In that case, I’m looking for elite talent, elite ceiling, youth and, with one exception, a great team with high-end support players. I’ll make a keeper-league line, adding a goalie to make the list six deep:
G – Andrei Vasilevskiy
D – Victor Hedman
D – Seth Jones
F – Patrik Laine
F – Connor McDavid
F – Nikita Kucherov
It’s an no-brainer, straightforward list. It doesn’t take an expert to draft these guys. But if you’re rebuilding and selling off your pieces to contending teams, make sure you target top-tier building blocks like these. Don’t aim too low. Of course, the question could be spun in different way. If you’re looking for the later-round fantasy picks who can become foundational pieces and haven’t yet broken out, the targets should still be high-end talent in good situations. Think Jack Roslovic in Winnipeg, Pierre-Luc Dubois in Columbus and Casey Mittelstadt in Buffalo.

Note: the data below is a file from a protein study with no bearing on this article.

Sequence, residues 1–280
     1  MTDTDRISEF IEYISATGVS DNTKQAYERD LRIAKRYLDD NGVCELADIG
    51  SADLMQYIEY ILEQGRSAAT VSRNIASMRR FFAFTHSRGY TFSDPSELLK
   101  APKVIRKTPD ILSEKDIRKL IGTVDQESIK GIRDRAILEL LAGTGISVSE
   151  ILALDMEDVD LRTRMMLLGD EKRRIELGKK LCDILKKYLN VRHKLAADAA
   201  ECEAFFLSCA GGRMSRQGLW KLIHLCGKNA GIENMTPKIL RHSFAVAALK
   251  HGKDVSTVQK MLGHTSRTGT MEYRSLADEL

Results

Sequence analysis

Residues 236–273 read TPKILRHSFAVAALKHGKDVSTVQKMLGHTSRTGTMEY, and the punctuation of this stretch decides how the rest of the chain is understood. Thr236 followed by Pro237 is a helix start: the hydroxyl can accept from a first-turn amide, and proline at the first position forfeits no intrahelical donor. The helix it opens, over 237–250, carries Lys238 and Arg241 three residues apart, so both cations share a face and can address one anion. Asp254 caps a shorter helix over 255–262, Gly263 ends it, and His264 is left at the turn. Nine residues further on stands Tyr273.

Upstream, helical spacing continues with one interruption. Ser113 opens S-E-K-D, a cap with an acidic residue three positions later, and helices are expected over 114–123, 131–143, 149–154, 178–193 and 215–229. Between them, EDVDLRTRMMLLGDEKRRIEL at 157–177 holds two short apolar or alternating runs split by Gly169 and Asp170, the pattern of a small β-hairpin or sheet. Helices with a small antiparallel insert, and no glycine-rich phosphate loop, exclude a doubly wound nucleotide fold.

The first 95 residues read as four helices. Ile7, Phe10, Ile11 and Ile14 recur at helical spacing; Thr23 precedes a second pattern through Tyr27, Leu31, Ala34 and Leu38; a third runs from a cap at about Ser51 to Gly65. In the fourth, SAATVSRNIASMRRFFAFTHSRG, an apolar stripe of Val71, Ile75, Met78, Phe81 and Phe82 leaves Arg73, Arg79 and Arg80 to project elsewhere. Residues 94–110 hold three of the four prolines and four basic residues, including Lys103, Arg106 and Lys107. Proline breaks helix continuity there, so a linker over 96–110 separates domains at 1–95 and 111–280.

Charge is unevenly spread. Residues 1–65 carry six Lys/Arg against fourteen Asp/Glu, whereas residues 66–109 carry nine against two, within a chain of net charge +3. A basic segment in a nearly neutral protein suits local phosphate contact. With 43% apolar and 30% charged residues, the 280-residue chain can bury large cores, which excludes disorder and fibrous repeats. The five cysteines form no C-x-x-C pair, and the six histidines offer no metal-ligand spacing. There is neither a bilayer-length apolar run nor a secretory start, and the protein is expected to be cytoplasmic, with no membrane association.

Elijah Adrian (ElijahAdrian3) asks…
What’s your favorite part of your job?
Hi, Elijah. One thing I always tell anyone who asks if I enjoy being a hockey reporter: even on the worst, most stressful day, “It’s never not hockey.” So there’s never a truly bad day if we think of it this way. Any player I ask that question always says “Getting paid to do the thing I’ve always dreamed of doing is amazing,” and I can say the same about covering hockey for a living.
To me, it’s important to never let go of your fandom fully. Yes, you want to be objective when it comes to cheering for particular teams or players, but you don’t want to stop loving the game. Even if running into contemporary NHLers doesn’t make me fanboy out – it’s switch you need to simply turn off – I try to savor any encounters with my childhood heroes. That means Jaromir Jagr, Mark Messier, Steve Yzerman, Dominik Hasek and so on. It’s fun to picture yourself as a kid, even playing as these guys in NHL ’94, and soak in how cool it is to be encountering these people in adulthood. Being an icon can be a source of pride for them, too. Jeremy Roenick once told me he gets approached on the street more about NHL ’94 than about his playing career, and he couldn’t be happier about it.